Cut the Crimini mushrooms in half or thick slices if they are larger, or leave them uncut if they're smaller.  Toss both mushrooms with olive oil, salt and pepper and roast under the broiler for about 5 minutes, turning turning over half way through.
The sauce was a hit.  I loved the gremolata.   Bone marrow in the veal shank was divine.  Leftovers saved for a pasta meal to come.

Thursday, March 1, 2012

Spaghetti di Nero with Butter Poached Sea Scallop and Thai Red Curry

Gosh, when I'm not cooking new foods or blogging, a lot more time gets freed up during my day.  It's nice.  I was channel surfing last night and came across the season finale of Top Chef Texas.  One of the dishes was a squid ink pasta with prawn crudo.  It looked to die for.  So today, I was on the hunt for squid ink pasta.  I've only eaten it out in restaurants, so I'm not sure if the dried packaged version will be as rich and flavorful.  But it sure is a lot easier than finding squid ink and making my own.  Maybe someday I will make it happen.  I did find myself feeling a little more energized having a cooking project today.  I felt more focused and less lost in the worries of the day.

For the spaghetti, I purchased a package of Rustichella d'Abruzzo Spaghetti di Nero, Squid Ink.  Cook the pasta according to package directions, in this case about 8 minutes in salted water.  Do this right before you are ready to serve.  
Then, heat a few tablespoons of olive oil over low heat, add 2 garlic cloves, finely minced.  Slowly cook the garlic until it is translucent. Drain the pasta and toss it in the olive oil with a pinch of kosher salt.

For the Butter Poached Sea Scallop:
In Thomas Keller's French Laundry cookbook, he talks about the many uses of Beurre Monte, his workhorse sauce.  He says that they use it to poach lobster, baste meats, rest cooked meats, and make sauces.  I mean a perfectly cooked steak passing through a butter bath before serving?  Sounds like love.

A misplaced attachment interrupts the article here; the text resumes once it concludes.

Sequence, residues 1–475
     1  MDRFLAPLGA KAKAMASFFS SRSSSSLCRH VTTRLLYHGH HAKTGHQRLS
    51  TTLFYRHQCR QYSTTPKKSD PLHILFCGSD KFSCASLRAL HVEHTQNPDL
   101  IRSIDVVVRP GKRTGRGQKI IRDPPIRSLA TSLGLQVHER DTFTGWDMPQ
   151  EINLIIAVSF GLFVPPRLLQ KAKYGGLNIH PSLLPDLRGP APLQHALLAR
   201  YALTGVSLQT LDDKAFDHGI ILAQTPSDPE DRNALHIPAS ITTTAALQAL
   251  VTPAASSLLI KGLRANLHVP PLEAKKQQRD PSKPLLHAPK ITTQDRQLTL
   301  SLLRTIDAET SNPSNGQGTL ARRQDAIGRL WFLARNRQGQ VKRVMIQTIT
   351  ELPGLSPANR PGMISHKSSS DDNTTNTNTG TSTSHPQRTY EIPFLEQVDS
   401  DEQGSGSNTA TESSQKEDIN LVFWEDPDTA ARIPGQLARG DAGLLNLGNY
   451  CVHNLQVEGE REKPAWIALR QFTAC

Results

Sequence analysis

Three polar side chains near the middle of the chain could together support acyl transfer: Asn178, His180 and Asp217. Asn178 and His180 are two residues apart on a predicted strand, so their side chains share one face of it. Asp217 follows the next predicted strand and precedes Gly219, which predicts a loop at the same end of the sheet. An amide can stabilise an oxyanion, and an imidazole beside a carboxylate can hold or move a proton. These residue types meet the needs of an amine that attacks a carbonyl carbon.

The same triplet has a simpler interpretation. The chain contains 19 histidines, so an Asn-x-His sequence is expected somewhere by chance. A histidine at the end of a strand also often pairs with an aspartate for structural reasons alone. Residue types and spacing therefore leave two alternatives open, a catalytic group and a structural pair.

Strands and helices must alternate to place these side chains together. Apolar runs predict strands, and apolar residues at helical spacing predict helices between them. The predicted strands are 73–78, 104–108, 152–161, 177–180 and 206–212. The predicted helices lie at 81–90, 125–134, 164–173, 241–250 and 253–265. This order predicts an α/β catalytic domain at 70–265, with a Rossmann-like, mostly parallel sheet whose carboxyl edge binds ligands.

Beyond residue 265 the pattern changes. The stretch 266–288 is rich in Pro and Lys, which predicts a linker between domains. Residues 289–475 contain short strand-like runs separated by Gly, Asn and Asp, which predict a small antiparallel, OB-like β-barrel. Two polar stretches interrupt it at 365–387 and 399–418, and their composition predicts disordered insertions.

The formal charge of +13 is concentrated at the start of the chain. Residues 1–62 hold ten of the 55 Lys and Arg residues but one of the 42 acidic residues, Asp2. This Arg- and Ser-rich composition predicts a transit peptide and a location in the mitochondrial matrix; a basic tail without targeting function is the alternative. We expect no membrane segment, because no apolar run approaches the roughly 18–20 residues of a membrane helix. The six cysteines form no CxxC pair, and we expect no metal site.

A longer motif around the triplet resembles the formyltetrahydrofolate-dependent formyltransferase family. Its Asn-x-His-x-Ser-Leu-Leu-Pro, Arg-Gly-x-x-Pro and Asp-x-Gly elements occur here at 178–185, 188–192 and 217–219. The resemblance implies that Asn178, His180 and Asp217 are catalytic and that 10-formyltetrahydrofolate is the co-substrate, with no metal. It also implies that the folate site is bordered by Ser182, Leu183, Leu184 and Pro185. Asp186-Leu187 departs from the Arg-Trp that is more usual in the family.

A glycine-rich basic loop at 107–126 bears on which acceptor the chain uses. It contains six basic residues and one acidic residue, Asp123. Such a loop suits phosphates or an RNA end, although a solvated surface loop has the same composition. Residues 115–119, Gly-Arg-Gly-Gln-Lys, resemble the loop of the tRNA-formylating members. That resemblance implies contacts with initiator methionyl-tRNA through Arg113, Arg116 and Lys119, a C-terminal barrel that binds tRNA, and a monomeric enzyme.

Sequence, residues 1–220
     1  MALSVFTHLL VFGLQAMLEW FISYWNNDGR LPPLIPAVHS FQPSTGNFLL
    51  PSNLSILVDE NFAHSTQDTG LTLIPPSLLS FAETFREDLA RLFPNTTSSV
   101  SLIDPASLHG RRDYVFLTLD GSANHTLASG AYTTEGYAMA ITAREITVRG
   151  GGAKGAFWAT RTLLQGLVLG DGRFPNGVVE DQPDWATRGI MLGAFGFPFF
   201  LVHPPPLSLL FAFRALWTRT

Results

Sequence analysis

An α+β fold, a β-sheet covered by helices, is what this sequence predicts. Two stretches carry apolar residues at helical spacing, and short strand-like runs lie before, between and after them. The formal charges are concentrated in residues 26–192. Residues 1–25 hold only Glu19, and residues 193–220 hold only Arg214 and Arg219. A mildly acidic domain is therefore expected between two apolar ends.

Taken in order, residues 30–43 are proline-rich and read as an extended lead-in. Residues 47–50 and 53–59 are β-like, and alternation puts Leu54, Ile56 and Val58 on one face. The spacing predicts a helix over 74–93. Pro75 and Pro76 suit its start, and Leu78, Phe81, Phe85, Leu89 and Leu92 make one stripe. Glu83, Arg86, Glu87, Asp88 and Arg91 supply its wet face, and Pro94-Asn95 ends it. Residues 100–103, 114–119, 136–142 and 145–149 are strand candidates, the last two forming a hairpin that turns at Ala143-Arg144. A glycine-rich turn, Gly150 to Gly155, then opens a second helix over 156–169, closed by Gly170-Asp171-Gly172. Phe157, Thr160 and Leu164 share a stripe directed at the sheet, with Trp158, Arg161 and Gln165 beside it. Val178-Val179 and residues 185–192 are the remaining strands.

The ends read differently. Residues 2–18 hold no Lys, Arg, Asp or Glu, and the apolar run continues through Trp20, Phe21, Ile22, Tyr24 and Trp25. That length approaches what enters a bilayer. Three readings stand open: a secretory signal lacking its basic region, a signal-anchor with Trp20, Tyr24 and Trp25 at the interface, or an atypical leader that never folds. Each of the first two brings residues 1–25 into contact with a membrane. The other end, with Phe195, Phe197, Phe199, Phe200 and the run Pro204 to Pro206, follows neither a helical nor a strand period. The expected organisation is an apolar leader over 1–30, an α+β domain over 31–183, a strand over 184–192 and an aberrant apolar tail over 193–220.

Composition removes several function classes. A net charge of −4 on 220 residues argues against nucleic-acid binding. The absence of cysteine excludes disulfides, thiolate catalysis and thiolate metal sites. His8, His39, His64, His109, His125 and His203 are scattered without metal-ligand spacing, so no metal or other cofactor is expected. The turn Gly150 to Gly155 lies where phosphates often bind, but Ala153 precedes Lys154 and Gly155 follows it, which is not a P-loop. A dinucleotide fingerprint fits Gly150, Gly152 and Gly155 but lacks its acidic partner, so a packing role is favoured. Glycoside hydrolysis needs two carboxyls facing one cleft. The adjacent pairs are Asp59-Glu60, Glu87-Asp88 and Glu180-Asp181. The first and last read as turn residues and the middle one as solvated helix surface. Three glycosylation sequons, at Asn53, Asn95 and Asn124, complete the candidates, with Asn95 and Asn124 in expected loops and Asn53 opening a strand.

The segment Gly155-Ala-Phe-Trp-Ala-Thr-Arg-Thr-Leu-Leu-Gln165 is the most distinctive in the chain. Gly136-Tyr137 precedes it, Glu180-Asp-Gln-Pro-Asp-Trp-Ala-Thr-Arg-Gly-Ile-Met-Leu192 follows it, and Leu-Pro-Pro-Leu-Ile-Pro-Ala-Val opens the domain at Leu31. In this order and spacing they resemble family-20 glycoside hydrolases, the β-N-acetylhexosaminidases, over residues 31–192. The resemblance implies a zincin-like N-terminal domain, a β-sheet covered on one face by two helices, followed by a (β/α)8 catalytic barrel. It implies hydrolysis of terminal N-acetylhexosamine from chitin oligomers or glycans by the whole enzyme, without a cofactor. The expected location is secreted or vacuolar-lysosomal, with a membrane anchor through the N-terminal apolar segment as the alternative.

Beurre monte is made with just a little bit of water, about 1 tablespoon, brought to a boil and then over low heat, chunks of unsalted butter are whisked in, bit by bit to emulsify.  With just the one tablespoon of water, you can add a few tablespoons or pounds of butter.  When you normally heat butter, it separates into the butter fat and the milk solids.  Using just the bit of water and then adding the butter will keep it from separating.  
I made mine with 8 oz of butter.  Keep the heat low and consistent to maintain the emulsification.  
To poach the scallops, bring them out of the refrigerator and dry them well.  Let them come to room temp before poaching.  Set them in a single layer in a pan and add the beurre monte.  Set the pan over low heat and poach the scallops until just warmed through... almost rare on the inside, and just cooked on the outside, about 5 minutes.  Make sure the heat is low enough that the butter does not boil.
With the left over beurre monte after poaching the scallops, I made it into clarified butter and into the fridge it went for another use.

For the Thai Red Curry Sauce:

5.6 oz can of unsweetened coconut milk
1 1/2 tsp Thai red curry paste
4 fresh kaffir lime leaves
2/3 tsp fish sauce

Combine the coconut milk and kaffir lime leaves and bring to a simmer for a couple of minutes. Then add the curry paste and fish sauce.  If you find the sauce is too thick, add a bit of water.

Serve the pasta with the scallop on top, drizzle just a bit of the red curry sauce, finish with some toasted shaved coconut and daikon radish sprouts.  I was a bit disappointed with the pasta itself.  It had good texture and color, but was lacking in the flavor of the squid ink.  I will have to pursue some squid ink to make my own fresh pasta.  The scallop was, well, buttery.  Silky and tender.  Butter bath for all!